Known for her bold online presence, fans of the genre-mixing artist from Hackney, London were eager for this new project. Bree’s mixtape, 2000AND4EVA, blends pop, punk, rap, and island sounds — constructing a variety showcase bound to lure in an even bigger following. Bree’s range has got us hooked. The nine track mixtape is just about twenty-two minutes long and within it, Bree plays around with flows just as much as genres with transitions that make the tape feel like an explorative full length experience. The sonic energy is playful, high energy, and a true embodiment of the phrase FUTURE IS FEMME: all four features on the tape are from fellow female rappers.
Tracks 1-6 bring that up-tempo, punk/pop/rap self proclaimed “RNWAY jazz” that makes you want to dance and dress yourself up in acrylics, high shine lipgloss, tinted shades, and velour tracksuits. Then track seven pointedly entitled “4 NICOLE THEA & BABY REIGN” plays, giving us a break from glamour, boy drama and the celebration of dark skin in lines like “Pretty bitch, chocolate, like some Düsse / And I stay on his mind like a toupe” off of “ATM.” As she repeats, “Just for a minute let me say how I’m feeling,” the song encourages finding hope in the pain of grieving. Runway addresses the issues of childbirth that come with black womanhood dedicated to the tragic passing of YouTube star, Nicole Thea and her child Reign. This track was a heavy shift in the mood of the mixtape. It followed by the angsty “NO SIR (Freestyle)” for someone that just need to rage a little. Even though the overarching feel of the project is fun, carefree bad bitch energy, the inclusion of tracks seven and eight add a layer of complexity to the project as a whole.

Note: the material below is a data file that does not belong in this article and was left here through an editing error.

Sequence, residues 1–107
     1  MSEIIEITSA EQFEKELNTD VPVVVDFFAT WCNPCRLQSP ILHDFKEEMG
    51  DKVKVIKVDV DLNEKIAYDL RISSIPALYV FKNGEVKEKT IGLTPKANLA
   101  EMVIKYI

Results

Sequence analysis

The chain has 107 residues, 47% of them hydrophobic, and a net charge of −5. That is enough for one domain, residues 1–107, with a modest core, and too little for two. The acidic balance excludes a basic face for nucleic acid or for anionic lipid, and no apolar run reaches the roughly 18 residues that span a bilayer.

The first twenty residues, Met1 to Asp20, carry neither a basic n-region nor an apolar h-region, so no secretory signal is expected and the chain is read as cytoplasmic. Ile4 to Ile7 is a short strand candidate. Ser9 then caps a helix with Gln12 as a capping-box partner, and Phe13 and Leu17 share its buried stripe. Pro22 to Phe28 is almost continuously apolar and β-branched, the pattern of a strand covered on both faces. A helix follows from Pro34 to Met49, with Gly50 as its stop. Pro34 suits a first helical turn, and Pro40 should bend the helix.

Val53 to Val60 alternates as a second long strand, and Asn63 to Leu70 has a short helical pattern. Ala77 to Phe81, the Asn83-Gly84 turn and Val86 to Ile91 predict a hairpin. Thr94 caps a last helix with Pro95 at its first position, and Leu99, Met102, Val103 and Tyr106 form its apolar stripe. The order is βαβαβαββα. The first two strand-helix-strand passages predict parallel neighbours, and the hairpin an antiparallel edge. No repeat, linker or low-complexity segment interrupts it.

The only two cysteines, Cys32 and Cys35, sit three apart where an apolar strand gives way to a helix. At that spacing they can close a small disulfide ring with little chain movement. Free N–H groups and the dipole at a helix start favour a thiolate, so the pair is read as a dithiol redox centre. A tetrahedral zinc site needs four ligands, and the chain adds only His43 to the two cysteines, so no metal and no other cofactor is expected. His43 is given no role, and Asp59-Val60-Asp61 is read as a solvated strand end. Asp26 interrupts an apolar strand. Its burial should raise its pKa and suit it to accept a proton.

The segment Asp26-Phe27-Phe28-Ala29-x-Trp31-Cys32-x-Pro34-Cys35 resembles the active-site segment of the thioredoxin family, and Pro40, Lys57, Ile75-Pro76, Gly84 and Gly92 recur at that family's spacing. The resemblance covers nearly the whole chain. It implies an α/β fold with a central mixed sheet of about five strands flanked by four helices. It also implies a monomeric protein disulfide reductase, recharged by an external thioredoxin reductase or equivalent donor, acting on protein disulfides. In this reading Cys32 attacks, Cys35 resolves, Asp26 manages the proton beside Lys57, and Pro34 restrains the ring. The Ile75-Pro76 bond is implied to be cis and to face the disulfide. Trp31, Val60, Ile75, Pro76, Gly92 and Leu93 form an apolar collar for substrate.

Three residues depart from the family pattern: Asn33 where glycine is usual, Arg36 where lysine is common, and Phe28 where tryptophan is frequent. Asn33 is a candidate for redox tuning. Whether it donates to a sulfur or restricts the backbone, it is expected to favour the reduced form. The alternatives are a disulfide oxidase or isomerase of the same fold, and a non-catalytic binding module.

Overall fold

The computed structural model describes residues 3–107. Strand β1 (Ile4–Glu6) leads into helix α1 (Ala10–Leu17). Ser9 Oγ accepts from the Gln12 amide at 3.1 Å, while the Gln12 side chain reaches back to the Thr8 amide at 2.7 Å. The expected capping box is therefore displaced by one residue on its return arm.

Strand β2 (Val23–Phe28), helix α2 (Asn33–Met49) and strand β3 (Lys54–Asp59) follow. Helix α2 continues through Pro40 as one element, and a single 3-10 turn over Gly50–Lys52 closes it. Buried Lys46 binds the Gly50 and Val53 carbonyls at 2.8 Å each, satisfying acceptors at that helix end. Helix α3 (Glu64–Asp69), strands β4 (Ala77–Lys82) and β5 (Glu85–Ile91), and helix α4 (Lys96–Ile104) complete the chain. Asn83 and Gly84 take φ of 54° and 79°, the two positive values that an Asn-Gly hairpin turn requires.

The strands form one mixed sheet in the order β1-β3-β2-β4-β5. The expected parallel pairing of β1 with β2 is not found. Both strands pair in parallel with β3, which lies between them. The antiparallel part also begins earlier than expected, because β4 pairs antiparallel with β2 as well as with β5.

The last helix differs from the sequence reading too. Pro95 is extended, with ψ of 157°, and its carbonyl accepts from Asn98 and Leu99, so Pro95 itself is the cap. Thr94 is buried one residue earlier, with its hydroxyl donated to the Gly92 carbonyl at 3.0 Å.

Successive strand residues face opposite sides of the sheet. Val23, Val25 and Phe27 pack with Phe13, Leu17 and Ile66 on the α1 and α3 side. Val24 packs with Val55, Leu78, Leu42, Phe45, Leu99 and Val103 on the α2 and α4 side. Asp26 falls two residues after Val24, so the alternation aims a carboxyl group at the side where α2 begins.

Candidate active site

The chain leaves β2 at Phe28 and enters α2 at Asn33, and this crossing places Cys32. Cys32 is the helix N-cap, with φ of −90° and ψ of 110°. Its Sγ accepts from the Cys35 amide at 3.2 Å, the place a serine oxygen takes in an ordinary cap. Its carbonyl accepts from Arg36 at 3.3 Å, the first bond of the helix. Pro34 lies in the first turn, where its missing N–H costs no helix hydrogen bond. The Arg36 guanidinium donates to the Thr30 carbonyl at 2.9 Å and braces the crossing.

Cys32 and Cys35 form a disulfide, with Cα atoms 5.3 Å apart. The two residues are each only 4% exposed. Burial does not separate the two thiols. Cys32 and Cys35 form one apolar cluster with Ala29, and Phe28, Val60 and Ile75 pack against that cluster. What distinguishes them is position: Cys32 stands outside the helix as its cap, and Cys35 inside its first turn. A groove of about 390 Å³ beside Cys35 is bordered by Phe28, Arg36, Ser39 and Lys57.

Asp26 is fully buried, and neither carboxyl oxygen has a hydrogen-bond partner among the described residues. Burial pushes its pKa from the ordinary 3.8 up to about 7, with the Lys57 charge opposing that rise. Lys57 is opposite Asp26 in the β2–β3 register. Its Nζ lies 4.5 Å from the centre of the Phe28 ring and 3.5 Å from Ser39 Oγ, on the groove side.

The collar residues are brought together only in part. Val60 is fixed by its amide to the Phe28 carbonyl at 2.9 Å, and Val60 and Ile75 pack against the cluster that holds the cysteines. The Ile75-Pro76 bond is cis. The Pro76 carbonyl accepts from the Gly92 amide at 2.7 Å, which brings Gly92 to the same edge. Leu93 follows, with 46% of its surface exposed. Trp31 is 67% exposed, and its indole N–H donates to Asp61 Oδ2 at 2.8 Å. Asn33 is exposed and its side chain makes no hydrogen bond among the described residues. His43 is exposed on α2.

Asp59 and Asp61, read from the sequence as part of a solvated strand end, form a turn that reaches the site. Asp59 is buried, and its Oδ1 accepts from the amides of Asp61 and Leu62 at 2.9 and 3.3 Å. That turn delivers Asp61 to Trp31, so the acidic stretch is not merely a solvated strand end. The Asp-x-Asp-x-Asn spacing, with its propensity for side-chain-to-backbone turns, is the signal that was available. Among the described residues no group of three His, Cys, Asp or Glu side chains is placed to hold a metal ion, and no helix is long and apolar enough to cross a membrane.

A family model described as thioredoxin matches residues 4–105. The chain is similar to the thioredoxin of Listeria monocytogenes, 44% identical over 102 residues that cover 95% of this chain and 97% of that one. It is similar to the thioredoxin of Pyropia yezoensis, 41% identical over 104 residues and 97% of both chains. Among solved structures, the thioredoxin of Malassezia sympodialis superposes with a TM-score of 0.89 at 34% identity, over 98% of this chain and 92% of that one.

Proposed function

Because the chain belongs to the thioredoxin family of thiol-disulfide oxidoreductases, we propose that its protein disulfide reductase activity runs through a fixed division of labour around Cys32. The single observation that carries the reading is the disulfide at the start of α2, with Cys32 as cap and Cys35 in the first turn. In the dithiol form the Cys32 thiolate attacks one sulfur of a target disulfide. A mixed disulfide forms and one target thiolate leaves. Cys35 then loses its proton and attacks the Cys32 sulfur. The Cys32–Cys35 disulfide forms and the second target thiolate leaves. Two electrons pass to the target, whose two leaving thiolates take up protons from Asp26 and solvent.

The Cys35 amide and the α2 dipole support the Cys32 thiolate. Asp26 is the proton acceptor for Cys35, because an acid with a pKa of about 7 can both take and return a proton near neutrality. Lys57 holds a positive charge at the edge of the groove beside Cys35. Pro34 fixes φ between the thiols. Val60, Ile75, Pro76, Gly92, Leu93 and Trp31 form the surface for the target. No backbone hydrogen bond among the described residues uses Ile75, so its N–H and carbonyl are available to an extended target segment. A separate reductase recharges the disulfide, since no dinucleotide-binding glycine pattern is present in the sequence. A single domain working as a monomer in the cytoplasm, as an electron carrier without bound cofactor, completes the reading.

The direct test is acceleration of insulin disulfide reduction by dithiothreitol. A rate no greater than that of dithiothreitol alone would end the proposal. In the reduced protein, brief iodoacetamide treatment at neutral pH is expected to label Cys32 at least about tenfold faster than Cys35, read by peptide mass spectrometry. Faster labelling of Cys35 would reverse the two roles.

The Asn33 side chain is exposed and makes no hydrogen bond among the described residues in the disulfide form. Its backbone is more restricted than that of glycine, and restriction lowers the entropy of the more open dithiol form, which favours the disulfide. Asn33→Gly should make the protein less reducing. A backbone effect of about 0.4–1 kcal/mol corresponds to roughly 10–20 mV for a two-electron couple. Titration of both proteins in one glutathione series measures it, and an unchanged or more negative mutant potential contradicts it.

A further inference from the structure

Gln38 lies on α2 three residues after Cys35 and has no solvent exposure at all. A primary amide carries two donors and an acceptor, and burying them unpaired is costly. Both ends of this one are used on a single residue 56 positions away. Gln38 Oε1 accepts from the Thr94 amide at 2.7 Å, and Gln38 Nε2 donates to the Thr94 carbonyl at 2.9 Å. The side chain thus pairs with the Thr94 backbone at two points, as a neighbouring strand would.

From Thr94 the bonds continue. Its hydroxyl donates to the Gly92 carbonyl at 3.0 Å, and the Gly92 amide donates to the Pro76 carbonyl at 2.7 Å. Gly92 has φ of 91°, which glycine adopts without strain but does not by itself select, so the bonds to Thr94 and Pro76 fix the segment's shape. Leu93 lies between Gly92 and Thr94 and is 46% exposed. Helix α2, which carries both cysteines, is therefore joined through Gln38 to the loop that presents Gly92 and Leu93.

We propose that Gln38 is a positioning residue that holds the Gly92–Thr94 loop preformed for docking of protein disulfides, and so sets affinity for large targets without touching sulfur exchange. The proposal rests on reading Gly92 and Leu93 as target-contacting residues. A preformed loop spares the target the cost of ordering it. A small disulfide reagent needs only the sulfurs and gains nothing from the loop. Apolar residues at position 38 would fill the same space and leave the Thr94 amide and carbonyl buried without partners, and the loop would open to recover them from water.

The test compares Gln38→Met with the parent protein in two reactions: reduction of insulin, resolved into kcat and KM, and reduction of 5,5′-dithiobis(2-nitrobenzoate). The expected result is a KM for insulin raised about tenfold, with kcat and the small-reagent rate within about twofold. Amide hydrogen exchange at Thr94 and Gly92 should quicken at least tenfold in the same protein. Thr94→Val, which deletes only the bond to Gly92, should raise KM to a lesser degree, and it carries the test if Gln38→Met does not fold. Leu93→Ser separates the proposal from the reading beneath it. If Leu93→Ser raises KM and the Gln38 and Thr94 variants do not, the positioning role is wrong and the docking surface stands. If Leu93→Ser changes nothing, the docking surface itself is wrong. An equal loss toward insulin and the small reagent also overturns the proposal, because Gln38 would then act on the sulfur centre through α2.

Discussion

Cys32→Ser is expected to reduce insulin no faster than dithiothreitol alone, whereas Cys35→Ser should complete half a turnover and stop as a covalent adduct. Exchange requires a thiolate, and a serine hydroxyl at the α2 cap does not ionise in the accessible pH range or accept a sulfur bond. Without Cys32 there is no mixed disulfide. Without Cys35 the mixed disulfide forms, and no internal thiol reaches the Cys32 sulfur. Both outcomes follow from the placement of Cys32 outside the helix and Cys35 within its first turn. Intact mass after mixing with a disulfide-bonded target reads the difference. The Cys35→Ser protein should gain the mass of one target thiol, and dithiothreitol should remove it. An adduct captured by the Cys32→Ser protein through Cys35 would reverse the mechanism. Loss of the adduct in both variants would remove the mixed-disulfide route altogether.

Not only is Runway making a case for her artistry, she is making a case for the 2000’s. That era was the pinnacle of pop culture for our current generation just as the 90’s was the golden era for the generation before us. You can hear the references in 2000AND4EVA from iconic artists that bring us back to specific times in our youth like Lady Gaga, rapper Lil Wayne, and the all-around innovative force of Missy Elliot. The introduction track “APESHIT” sounds like it was produced with Missy in mind — even the visuals paid homage via the shades and fisheye lens shot that Missy once popularized. “Damn Daniel” blends an 80’s dance feel with 2000’s Internet references such as the exhaustion of Instagram dating and the “Damn Daniel” viral video. It plays to our never-ending need for nostalgia in a way that isn’t copied and pasting the sonics of the past but remaking it into something new and refreshing. It is as if the 2000’s will live on forever through the influence it has given artists like herself. With this mixtape as her debut, her influence is anticipated to live on just as long.